THIS PAST MARCH A NEW SIGN went up outside Burnet’s Texas Department of Criminal Justice ( TDCJ) facility for female substance abusers. “Ellen Halbert S.A.F.P.F. Unit,” it read. Switchboard operators at the prison began greeting callers with “Ellen Halbert Unit.” The tributes were a way of thanking just-retired Texas Board of Criminal Justice member Halbert, who persuaded her colleagues to award the Hill Country town a prison in 1992. Unfortunately, the gestures were premature, as it has been discovered that the board never formally ratified the naming of the site. Prison officials are groaning to themselves, “Now what?” To not ratify the name would be a slap in the face to both Burnet and Halbert—yet to address the matter will be to revisit an inglorious past that is not so far behind the Texas prison system.
Along with 62 other towns, Burnet entered the so-called prison derby in January 1992, believing that a five-hundred–bed facility would bring jobs and economic stability. But TDCJ evaluators ranked Abilene as a superior locale for a host of logistical and economic reasons, and to make matters worse, according to one of the TDCJ evaluators, “There was by far more local opposition to a prison in Burnet than in any of the other towns bidding.” Enter Halbert, an Ann Richards appointee who lives 53 miles away from Burnet in Austin. Burnet civic leaders successfully wooed Halbert, who in turn lobbied her fellow Democrats on the prison board. Today Halbert recalls that “the research I did showed there was a need for a treatment center in the area.” But at a May 22, 1992, board meeting, she didn’t proffer her research, instead appealing for charity: “Of all this billion dollars that we’ve had to spend on new [prison] construction,” she said, “there is one region in the state that did not benefit in any way, and that’s Burnet… . We as a board should try to be fair.” When a vote was called for, Burnet prevailed over Abilene, five to four.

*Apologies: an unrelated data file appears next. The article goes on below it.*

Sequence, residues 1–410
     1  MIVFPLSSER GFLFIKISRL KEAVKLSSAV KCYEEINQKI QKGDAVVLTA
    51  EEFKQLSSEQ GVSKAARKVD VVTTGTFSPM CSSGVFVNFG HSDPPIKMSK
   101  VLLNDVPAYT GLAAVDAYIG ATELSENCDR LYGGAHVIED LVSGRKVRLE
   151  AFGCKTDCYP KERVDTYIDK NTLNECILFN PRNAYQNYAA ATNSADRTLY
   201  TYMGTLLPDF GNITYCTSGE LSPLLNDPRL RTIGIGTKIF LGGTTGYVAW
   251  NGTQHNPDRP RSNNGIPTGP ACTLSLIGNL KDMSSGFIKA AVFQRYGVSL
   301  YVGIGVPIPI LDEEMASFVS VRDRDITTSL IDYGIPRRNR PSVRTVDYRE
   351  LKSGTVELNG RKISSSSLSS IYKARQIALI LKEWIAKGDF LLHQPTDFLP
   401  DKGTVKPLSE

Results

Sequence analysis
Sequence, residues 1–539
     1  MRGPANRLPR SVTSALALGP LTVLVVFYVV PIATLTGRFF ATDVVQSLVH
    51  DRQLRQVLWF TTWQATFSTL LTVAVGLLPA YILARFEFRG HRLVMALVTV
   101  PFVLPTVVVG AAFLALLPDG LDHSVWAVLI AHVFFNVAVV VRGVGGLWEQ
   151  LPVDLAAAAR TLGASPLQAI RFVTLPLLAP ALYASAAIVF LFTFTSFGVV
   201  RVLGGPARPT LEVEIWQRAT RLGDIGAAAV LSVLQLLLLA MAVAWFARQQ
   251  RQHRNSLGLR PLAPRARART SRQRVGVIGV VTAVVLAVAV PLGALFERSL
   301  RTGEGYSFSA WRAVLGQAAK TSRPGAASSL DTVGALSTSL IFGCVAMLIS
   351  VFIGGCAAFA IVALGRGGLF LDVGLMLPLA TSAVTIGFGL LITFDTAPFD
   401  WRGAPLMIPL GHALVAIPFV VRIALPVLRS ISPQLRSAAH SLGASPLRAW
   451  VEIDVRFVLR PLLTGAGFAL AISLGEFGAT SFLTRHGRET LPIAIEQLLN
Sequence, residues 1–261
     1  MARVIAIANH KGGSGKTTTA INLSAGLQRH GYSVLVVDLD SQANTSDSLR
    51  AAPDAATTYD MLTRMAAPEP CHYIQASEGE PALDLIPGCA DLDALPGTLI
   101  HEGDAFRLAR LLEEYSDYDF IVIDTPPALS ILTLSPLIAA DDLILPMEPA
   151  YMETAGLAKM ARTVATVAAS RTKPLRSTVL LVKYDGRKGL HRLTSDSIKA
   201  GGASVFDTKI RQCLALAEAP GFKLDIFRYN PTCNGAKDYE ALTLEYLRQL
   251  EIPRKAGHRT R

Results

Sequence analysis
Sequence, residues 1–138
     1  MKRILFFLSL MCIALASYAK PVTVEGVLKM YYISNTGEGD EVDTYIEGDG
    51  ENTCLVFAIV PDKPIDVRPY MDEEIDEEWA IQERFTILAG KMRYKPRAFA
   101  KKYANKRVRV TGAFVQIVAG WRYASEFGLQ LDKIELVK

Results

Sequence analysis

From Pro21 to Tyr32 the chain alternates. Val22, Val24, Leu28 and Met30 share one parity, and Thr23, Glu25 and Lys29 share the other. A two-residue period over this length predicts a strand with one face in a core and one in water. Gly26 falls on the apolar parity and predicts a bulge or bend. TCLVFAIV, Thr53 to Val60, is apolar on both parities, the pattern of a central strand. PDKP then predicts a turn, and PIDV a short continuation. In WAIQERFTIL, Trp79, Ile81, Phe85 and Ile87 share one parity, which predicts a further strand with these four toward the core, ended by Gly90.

Two years later TDCJ staffers asked Burnet what it would like to call its new facility. The city council voted unanimously to name it after their friend in high places. When Halbert accepted the honor, it marked the first time that a prison regulator would oversee a facility designated to bear his or her name. Though the ethics of the much-admired Halbert have never been questioned, to some the episode represents yet another example of a prison official being applauded for ignoring the state’s best interests. “The job of a board member isn’t to advocate parochial views,” notes former TDCJ director Jim Lynaugh. “It’s to represent Texas as a whole.”
Meanwhile, the Burnet facility is performing well—though ironically, as an economic factor, “It has been kind of a wash so far,” admits city manager Johnny Sartain. Recently, TDCJ officials have ordered that the Halbert Unit sign be taken down and that the switchboard operators refer to the prison as “Burnet Unit.” Such treatment of their heroine dismays city leaders. But, pledges former mayor Billy Wilcox, “One thing they can’t take away is the street sign to the road leading up to the prison. It says ‘Ellen Halbert Drive,’ and the city put it up there, and no one’s gonna make us take it down.”